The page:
Sons of Anarchy, Episode One aired September 3rd 2008. By October, the series had garnered a large enough following to earn the cast the honor of riding at the head of Jay Leno’s hour-long charity “Love Ride” from Glendale to Pomona. “You will be riding in the front of the pack with Grand Marshall Jay Leno,” the letter to the cast reads. “Peter Fonda, Robert Patrick, Dave Grohl and William Shatner are among the other celebrities riding with you.”
At the finish line, the riders were met by series co-star Katey Sagal (best known prior to Sons for her role as Peg Bundy in Married With Children) and series creator Kurt Sutter. Entertainment included ZZ Top and The Foo Fighters. Johnny spent the day amazed and somewhat bemused by the tidal wave of adulation from a whole new demographic of fans.
Up to now, Johnny’s recognition had been limited to fans of The O.C., Drake and Josh, sitcoms such as Quintuplets and Now What, guest spots on, among many others, CSI, Boston Public, The Guardian, Smallville, and movies such as Raise Your Voice and Aliens vs. Predator — a largely middle and upper middle class group of 15- to 28-year-olds.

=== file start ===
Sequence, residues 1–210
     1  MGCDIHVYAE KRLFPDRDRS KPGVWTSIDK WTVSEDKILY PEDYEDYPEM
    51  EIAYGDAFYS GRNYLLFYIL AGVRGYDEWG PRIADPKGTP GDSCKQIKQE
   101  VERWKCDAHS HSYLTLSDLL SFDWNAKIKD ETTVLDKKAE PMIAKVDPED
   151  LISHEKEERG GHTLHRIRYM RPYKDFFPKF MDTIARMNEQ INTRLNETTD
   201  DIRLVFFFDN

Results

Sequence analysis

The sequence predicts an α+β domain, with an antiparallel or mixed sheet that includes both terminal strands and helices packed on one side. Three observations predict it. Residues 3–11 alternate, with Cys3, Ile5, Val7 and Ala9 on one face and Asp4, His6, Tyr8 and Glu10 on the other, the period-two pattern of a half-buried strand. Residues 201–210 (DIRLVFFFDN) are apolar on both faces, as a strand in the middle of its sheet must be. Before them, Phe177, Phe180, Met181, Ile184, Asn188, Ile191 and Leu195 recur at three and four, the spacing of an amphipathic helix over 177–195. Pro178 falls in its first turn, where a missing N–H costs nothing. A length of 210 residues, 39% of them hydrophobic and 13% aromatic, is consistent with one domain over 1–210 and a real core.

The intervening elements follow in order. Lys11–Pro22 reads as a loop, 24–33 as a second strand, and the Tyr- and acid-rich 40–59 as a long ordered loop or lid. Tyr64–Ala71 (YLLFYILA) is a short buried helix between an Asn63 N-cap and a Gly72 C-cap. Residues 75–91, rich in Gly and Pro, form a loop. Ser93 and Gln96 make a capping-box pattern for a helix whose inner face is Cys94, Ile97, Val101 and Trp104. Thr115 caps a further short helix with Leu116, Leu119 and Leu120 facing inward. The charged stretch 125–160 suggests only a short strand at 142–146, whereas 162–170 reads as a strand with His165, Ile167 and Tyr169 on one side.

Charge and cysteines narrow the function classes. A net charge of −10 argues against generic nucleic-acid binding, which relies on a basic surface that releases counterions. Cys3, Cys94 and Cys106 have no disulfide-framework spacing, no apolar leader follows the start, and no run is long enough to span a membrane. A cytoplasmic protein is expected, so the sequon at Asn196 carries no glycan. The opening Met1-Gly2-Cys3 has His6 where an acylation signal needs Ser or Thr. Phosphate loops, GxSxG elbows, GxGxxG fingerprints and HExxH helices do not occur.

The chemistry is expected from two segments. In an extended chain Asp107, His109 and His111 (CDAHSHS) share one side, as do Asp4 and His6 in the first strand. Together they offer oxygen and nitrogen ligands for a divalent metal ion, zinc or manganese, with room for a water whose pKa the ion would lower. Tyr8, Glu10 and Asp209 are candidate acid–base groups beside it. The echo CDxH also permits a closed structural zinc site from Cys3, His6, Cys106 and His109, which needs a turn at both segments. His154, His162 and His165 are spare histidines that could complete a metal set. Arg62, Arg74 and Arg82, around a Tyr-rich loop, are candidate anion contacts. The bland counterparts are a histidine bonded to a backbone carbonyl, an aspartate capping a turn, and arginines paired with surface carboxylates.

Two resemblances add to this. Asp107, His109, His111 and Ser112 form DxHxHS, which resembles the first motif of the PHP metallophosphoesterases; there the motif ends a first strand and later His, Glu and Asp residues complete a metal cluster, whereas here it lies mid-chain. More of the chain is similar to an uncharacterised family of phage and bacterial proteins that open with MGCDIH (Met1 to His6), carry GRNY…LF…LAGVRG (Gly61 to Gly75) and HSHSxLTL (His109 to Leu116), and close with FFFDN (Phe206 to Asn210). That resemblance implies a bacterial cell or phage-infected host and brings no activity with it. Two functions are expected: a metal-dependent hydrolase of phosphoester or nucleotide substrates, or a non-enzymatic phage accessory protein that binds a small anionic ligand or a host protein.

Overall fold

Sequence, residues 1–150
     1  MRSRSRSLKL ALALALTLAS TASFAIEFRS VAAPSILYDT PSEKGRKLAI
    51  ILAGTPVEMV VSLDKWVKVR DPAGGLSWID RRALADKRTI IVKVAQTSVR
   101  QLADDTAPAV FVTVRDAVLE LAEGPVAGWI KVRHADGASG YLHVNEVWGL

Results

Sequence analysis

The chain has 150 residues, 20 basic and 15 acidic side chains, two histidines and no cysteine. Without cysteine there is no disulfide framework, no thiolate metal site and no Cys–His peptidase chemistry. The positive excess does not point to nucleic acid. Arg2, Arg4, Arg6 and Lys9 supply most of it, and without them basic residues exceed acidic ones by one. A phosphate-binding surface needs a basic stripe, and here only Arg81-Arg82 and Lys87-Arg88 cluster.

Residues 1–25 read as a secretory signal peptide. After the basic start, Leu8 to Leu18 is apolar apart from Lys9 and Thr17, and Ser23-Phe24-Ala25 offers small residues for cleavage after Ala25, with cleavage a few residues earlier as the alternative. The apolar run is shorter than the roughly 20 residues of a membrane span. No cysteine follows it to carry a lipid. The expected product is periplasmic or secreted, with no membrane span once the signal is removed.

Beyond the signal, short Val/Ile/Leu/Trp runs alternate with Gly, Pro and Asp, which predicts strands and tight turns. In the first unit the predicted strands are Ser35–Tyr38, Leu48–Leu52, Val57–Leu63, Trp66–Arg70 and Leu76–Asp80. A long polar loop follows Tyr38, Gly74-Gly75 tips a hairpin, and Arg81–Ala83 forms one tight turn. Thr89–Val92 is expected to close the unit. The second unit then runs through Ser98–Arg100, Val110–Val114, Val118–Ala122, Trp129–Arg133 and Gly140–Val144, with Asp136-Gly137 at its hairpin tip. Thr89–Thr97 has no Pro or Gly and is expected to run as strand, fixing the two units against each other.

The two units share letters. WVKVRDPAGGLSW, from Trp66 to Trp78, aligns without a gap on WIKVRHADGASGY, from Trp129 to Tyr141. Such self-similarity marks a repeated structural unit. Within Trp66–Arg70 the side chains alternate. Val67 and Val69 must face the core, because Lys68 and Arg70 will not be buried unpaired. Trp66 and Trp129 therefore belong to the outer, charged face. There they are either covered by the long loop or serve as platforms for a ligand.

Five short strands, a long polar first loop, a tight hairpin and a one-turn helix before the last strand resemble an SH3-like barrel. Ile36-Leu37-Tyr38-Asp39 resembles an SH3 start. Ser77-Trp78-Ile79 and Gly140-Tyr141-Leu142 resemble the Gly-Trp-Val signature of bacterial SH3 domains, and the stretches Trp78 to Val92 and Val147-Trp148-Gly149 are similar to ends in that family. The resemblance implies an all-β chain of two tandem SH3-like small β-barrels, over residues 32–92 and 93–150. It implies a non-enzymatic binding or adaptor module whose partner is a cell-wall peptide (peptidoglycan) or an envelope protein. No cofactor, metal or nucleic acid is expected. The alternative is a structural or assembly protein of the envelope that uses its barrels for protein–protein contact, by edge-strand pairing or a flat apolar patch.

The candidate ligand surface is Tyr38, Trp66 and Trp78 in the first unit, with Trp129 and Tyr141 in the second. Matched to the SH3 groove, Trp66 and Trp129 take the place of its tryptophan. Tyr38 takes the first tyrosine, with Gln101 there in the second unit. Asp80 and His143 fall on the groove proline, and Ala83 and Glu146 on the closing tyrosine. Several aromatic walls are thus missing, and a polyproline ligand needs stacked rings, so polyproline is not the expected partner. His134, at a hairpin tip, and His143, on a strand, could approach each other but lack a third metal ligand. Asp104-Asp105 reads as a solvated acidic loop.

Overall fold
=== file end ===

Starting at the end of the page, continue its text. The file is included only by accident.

Sons of Anarchy changed that. Before Sons of Anarchy, if a fan recognized Johnny, he would obligingly say yes to an autograph and cell phone photo, and then carry on with whatever he had been doing prior to the interruption. Once Sons of Anarchy hit the airwaves, however, things changed. Instead of graciously accepting warmth and a respectful distance from fans, he now found himself regularly undergoing bone-crunching bear hugs from massive bikers who were certain they knew Johnny personally, as well as he most certainly must know them. They rarely let him go without first sharing a penetrating discussion, numerous additional man-hugs, and beer.
Johnny’s “Prospect” character was vital as it brought a note of welcome levity to an otherwise dark story involving dark people doing dark things. A vegetarian among carnivores, he provided us with the relief that comes with perspective, and was someone that we non-motorcycle types could identify with.
Though Johnny did not get as much screen time as other characters, there’d be an almost palpable exhalation of relief whenever he appeared. The break-neck pace of the story would slow down and catch its breath, sometimes even permitting itself a chuckle or two before resuming. A number of people over the years commented to me that they watched the show mainly for Johnny.